A Case of Accident Prevention

Current Work place Situation:

This factory processes metal parts for automobiles. It employs eighty workers.

TJ, a veteran with twenty years experience, is the foreman for the final processing operations. TJ has been concerned about something for the past two or three years.

His work concerns finishing operation of the parts. It includes repairs and the final inspection. Operations depend on the hard work of the employees. Consequently, a large variety of tools are used. The nature of the work requires that tools are picked up, used, exchanged, etc., in a short period of time. A gas burner, drill, sand paper, impact wrench and pliers are all piled up on a small work table, with no differentiation made with respect to frequency of use. TJ’s concern is the high frequency of injuries which result from the use of these tools.

In a situation like this, a great deal of time is spent in looking for the tools which workers need and the work rhythm is uninterrupted. Workers have to rely on their instincts and memory as to where a tool is, and when they can’t find it, they get irritated. Such emotions make the work more dangerous and unsafe.

Finally, one day, the injury TJ had been worrying about happened.

The Accident Occurrence:

E is a 12 year veteran and one of TJ’s most important workers. It was almost leaving (closing) time, and E as usual was looking for a file by reaching behind him and feeling round for it on the table. It wasn’t in its usual place (he wasn’t looking, just feeling around with his hand) and he became irritated and started fiddling things around looking for the file. While doing this, the grinder fell off from its stand and on to the foot of RG who happened to be standing there. Somehow, the grinder started operating (the air hose was still attached) and RG was badly injured. It was because of this accident that the decision was taken to make reorganization improvements on the tool boxes and work table.

Third year employee L was chosen to head reorganization improvements. Why?

TJ thought long and hard over whom he should appoint head of the reorganization improvement operations. He finally decided on L a young worker in his third year of employment.

The longer one works at finishing operations, the more one relies on intuition, and workers have little interest in systematizing operating steps or reorganizing tools. On the contrary, they are proud of being able to do a good job by relying on their own instincts. L was still considered a beginner. While the more experienced workers relied on their intuition, L still had to choose tools consciously and rely on operation steps.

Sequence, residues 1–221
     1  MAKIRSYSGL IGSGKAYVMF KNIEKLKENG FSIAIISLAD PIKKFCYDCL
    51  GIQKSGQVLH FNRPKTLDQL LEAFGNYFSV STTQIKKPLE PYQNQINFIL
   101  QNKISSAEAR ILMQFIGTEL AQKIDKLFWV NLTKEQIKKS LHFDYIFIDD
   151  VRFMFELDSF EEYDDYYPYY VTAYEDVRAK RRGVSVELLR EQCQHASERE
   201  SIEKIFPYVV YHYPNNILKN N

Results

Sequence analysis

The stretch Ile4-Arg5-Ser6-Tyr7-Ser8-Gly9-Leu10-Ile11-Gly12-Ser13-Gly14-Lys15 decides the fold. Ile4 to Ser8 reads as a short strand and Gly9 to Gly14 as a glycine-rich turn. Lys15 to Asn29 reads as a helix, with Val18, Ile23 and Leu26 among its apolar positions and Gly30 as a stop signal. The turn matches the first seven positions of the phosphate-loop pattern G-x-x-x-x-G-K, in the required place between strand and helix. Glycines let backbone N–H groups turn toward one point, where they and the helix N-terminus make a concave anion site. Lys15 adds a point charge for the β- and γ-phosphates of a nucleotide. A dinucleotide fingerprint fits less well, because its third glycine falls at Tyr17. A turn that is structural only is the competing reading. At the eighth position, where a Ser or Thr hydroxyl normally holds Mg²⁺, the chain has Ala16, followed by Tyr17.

TJ felt that since L was still not used to work, it would be advantageous to carry out reorganization improvements through L. He was also favorably impressed with L’s efforts to improve and his devotion to his work.

When L learnt that he had been appointed, he felt burdened by his lack of experience and had little confidence in himself to do the job. He, too however, had been concerned by the fact that his co-workers depended on their own instincts and were not interested in reorganizing tools or standardizing finishing procedures. He took on the job, assured of TJ’s total support and cooperation.

To begin improvements, the most important point is to understand the real problem, then conceive improvements, and submit a summary of the causes of the loss. In order to do this, L had to ask for the opinions and experiences of his co-workers in the finishing process and those of other workers in other processes. L organized his findings as follows:

*The position of tools changes during work, after use, and when they are placed in their tool boxes.

*Tools are placed in a different place every time they are used, so the necessary tool is never there when needed. There is always a search.

*Cutting tools are mixed in with everything else, and they are dangerous when touched, so injuries occur constantly.

*Tools come into contact with each other and they too are damaged.

*Broken tools are frequently not repaired, just returned to the pile, and accidents occur when they are used again.

*There is increased danger of accidents occurring with grinders, and other tools which have moving parts.

*Fewer workers have an inherent habit of organizing tools after using them, performing maintenance procedures before work, or doing preparation.

After identification of the problem L with the approval of TJ has designed a suitable plan allocating places for different tools. Before implementation SI has discussed to other senior workers and sought their consensus. Thus the plan has helped to reduce the accident occurrence by 9% and increase productivity by 14%.

“What? Gaming in the workplace? No way!” This is something that we hear from Corporate
Closely tied to the question of how much capacity should be provided to meet forecasted
The notion of focus naturally, almost inevitably from the concept of fit. Just as a
At its heart a capacity strategy suggests how the amount and timing of capacity changes
However, as with most strategic decisions, the issue is more complex than it first appears.

  • N Sivasubramanian

    It is interesting to read. Anyhow with some visuals it would be understoos easily.